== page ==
Monday, October 16, 2006

Mark Steyn interview

My favourite columnist, Mark Steyn, is interviewed in the National Post by Linda Frum.

On Ramadan and cheap jokes.

Being offensive actually has its merits. An excessive deference to sensitivity is very harmful, particularly when you're dealing with people so ready to take offence. I didn't really think of it in an Islamist context until the fall of 2002, when I said in the National Post, something like: "Is it just me, or does Ramadan seem to come around quicker every year?" The point is Ramadan is every eleven and a half months. And of course I immediately got all these humourless letters from people saying, "Oh, you complete idiot! Are you not aware that under the Islamic calendar Ramadan comes..." Of course I'm aware! I'm making a cheap joke about it! It's my standard Ramadan joke, and I'm going to do it every 11-point-however-many-months for as long as I live.

On multiculturalism.

Well, I think at some point a profound question mark goes up about where a society is going. If you drive around certain parts of town you'll see more headscarfed women. It's the sort of thing nobody really thought about much before September 11th. We all assumed that everyone thinks the same, that everyone who gets off the plane at Pearson is coming because they want to be part of a multicultural, pluralist, liberal democracy. But what proportion of people are opposed to that view of society for it to become a problem? We're not at that stage in Canada, but they've already reached that stage in Belgium, in the Netherlands, in France, in Scandinavia and in many other parts of Europe. I don't want to see Canada having the incompatibility, the tensions that are now the absolute fundamental political dynamic in the Netherlands and Belgium.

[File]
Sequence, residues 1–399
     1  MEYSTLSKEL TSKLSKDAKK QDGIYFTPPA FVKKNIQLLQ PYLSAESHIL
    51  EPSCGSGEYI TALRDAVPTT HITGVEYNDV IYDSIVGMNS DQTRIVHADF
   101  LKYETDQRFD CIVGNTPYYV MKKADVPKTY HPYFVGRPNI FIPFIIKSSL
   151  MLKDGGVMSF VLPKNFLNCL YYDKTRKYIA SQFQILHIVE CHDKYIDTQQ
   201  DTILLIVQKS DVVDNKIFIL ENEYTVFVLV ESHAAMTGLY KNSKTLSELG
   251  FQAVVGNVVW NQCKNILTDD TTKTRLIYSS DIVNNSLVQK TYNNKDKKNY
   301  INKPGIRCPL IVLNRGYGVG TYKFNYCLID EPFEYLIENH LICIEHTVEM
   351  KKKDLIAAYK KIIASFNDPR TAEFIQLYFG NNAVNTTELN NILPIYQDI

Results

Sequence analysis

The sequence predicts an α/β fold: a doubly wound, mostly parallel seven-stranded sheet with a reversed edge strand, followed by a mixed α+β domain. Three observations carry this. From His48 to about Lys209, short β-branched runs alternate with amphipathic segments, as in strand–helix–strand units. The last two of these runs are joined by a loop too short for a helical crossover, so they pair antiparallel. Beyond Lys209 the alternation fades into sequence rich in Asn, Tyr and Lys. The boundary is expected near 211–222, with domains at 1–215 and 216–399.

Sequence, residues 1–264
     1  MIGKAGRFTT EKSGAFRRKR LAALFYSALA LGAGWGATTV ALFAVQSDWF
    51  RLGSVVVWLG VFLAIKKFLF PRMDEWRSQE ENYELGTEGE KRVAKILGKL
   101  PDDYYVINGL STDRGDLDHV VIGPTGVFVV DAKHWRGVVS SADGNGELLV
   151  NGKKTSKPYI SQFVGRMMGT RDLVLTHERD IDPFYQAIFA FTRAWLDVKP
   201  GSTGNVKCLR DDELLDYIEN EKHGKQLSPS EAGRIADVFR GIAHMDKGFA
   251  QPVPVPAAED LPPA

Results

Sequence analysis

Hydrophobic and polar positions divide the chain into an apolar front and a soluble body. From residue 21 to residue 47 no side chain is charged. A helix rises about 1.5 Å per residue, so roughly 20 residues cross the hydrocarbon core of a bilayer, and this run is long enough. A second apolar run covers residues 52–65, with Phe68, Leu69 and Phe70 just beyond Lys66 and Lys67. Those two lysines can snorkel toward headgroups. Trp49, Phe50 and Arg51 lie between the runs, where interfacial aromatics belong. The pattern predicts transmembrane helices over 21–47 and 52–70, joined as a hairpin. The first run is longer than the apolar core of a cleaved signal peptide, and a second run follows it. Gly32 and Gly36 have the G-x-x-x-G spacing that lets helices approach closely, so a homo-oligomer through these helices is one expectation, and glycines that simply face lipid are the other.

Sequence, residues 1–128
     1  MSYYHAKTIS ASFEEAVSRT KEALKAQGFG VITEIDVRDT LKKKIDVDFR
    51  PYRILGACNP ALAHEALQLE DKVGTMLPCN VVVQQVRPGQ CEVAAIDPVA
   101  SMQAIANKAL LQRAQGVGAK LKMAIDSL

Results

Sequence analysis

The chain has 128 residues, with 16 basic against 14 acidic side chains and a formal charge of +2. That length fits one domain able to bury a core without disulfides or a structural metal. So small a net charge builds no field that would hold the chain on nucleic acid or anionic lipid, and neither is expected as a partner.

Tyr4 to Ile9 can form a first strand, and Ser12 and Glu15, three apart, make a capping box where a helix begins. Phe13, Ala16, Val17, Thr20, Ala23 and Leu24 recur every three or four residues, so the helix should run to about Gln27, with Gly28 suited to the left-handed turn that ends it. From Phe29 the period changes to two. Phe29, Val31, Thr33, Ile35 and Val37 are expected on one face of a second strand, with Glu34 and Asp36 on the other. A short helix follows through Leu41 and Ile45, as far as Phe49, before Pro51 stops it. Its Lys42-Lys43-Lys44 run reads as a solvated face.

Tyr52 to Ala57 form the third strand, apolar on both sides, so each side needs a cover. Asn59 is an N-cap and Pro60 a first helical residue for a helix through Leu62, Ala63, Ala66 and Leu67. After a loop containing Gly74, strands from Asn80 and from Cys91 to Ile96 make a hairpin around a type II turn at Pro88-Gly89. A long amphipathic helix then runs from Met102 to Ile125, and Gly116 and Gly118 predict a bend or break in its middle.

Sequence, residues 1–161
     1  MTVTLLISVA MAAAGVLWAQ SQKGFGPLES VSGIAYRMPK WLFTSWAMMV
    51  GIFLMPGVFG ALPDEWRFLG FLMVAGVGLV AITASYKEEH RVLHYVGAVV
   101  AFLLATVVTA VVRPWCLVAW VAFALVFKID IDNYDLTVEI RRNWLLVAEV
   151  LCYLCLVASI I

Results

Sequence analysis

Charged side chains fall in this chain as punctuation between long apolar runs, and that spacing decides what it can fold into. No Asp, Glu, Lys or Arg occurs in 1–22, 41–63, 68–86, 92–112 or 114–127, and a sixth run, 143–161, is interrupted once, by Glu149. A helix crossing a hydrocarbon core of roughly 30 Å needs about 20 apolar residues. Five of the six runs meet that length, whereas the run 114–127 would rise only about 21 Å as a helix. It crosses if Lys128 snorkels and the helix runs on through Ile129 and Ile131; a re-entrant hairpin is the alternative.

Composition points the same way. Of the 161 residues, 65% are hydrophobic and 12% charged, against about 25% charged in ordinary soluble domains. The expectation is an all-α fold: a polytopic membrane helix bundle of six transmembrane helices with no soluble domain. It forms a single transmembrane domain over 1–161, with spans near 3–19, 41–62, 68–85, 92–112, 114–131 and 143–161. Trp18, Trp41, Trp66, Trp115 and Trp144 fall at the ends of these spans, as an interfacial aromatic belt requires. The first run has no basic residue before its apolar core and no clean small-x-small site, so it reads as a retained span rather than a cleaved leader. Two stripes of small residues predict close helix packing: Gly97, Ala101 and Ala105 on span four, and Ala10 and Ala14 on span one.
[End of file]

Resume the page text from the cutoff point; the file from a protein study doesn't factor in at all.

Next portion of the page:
On the future.

Well, I'm in this for the three year-olds. My youngest child is six now, but my little girl and your little girl, when they're our age, they will find a large number of places in what we think of as the free world, the developed world, far less congenial than we would. I mean, you and I would think nothing of hopping on a plane, going to London, Paris or Berlin. Those are going to be very uncomfortable places for a young, middle-aged Western woman circa 2020, 2030, and it's precisely because we've taken for granted this very unusual period in history.

On England and Canada.

Every Canadian is the heir to a thousand years of constitutional evolution from the one civilization that has done the most to create the world we live in.

That "thousand years of constitutional evolution" and "one civilization" would be England.

Canada has very little to be ashamed of in its inheritance. Every country needs a heroic national narrative. Canada has actually got one. Why not tell it?


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